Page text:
“We found that around 14 per cent of people have bought a piece of furniture that doesn’t fit when they get it home,” he reveals. “We also learnt that more than 70 per cent of people don’t even really know how big their homes are. We wanted to solve this problem in an easy and fun way through our app.”

Launched two years ago, the app now has a unique user base of more than 10 million users, and has been developed for the 2015 catalogue to allow consumers to create a shopping list using their favourite pieces in the digital Ikea catalogue, and then to continue shopping on the Ikea website or in the store. It has also improved the way the app allows shoppers to share images from the catalogue to social media networks.

“Our customers’ shopping experience is top of mind,” adds Ganslandt, “And we understand that people today are looking for more ways to access home furnishing inspiration. Ikea has always stood for finding solutions and for forward thinking; today this is even more relevant than ever.”

Outside the furniture domain a plethora of fashion brands, including Topshop, Asos and yoga wear company Lululemon, have been working in a similar vein, pulling together user-generated content from fans and consumers wearing their products to maximise the influence of these self-made brand ambassadors when it comes to generating sales. Research recently conducted by Crowdtap and Ipsos found that user-generated content is 20 per cent more influential than any other type of media when it comes to purchasing, and 50 per cent more trusted.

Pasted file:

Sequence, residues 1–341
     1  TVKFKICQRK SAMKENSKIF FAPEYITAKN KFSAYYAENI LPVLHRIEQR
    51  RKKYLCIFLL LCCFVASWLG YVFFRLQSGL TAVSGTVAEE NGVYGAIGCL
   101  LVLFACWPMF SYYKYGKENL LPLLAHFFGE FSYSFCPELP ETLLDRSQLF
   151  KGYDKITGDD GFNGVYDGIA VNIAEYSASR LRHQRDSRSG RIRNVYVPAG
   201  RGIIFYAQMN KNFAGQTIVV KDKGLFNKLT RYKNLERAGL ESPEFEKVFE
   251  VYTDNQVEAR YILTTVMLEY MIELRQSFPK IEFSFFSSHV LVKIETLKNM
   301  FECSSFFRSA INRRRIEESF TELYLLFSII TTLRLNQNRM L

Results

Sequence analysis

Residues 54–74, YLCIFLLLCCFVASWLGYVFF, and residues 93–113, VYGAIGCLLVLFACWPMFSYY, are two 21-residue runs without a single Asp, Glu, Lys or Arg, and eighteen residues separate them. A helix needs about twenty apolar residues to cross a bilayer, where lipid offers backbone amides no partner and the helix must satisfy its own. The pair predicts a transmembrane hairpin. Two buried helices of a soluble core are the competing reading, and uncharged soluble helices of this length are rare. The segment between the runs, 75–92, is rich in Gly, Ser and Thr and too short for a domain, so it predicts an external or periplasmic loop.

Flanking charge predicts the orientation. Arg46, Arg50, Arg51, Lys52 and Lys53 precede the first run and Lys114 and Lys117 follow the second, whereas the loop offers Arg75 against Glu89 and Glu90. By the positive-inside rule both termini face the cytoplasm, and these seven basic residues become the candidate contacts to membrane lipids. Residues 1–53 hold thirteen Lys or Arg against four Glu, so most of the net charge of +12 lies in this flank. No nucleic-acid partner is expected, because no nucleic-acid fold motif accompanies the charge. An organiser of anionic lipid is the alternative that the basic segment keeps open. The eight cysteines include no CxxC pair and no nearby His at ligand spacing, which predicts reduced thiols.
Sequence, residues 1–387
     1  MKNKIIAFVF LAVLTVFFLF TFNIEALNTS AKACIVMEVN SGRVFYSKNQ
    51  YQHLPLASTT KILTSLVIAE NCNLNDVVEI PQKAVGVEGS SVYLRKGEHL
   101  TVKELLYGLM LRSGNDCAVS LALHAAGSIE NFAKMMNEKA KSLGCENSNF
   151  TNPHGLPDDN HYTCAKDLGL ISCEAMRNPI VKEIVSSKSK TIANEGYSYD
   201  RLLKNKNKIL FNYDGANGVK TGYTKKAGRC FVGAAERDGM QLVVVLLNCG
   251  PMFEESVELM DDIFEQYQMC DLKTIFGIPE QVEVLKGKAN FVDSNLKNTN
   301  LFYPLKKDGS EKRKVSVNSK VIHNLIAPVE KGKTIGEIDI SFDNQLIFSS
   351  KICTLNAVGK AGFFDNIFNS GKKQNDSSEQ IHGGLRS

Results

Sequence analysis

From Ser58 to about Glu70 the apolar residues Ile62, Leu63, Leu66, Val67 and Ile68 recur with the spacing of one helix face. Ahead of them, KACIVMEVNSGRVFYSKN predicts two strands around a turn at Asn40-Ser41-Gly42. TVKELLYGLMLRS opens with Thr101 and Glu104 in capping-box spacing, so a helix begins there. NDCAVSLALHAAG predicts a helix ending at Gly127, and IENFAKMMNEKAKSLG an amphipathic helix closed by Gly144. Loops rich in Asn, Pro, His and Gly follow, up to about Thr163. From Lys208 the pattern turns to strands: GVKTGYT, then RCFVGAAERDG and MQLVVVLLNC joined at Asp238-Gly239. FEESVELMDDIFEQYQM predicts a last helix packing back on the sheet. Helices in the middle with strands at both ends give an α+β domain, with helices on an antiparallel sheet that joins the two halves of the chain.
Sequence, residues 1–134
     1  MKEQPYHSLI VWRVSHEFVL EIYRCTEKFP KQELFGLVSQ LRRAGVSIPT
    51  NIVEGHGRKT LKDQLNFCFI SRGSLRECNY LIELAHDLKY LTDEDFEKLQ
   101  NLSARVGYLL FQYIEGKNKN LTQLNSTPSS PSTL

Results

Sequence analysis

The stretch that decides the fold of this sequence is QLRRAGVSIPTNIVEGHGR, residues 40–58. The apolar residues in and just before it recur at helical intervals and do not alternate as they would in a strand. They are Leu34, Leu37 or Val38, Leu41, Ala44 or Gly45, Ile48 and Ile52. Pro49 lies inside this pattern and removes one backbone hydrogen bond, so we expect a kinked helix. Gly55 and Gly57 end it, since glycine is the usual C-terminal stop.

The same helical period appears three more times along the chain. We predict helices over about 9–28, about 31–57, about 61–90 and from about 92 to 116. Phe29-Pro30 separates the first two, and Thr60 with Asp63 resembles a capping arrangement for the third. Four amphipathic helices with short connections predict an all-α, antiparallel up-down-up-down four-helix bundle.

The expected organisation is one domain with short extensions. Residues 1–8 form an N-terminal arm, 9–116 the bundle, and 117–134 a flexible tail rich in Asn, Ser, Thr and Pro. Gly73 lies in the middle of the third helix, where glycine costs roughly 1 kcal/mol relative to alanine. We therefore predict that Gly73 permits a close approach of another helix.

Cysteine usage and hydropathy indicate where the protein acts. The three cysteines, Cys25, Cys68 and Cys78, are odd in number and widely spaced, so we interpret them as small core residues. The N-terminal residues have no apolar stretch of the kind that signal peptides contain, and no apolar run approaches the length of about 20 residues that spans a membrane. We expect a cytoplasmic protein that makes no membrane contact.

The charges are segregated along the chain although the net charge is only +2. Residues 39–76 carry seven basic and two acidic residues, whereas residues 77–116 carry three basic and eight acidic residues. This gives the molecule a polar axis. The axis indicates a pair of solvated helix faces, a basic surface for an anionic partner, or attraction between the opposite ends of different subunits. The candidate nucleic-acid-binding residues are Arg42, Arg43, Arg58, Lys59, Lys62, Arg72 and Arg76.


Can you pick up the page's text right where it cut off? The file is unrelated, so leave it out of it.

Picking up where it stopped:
Olapic, a technology platform that enables publishers and e-commerce sites to integrate photos shared by users and fans on Instagram, Twitter and Facebook to their own sites, has worked with brands such as New Balance and Coach to help build traffic and sales.

“We built the platform to allow any brand to connect with their consumers and with the photos they are taking,” says Jose de Cabo, co-founder of Olapic. “So we are listening to hashtags around the web on Instagram, Twitter, Facebook and Tumblr. We collect that content, curate it and the brand has the final say if they think the photo is on-brand or off-brand and if it resonates well or not.

“We give them all the tools to do that and the ability to link the pictures to the corresponding product on their e-commerce site. Brands need content, and generating photos and videos is time consuming and expensive, so we're allowing them to tap into this repository of images on the web to use them in many different ways. Brands want to connect one-on-one with the consumer, and what better way to do it than when you have an ambassador of the brand?"

As the amount of data collected by brands about their consumers increases, so too will the demand for more personalised, integrated shopping experiences that spell out the story of how individuals cross the path of a brand and the ensuing steps they take to evaluate, purchase, and relate to it across the entire decision making process. In the future, not only will employing this style of marketing be key for consumer/brand interaction, it will be vital for getting, and staying, ahead of the competition. Ikea Augmented Reality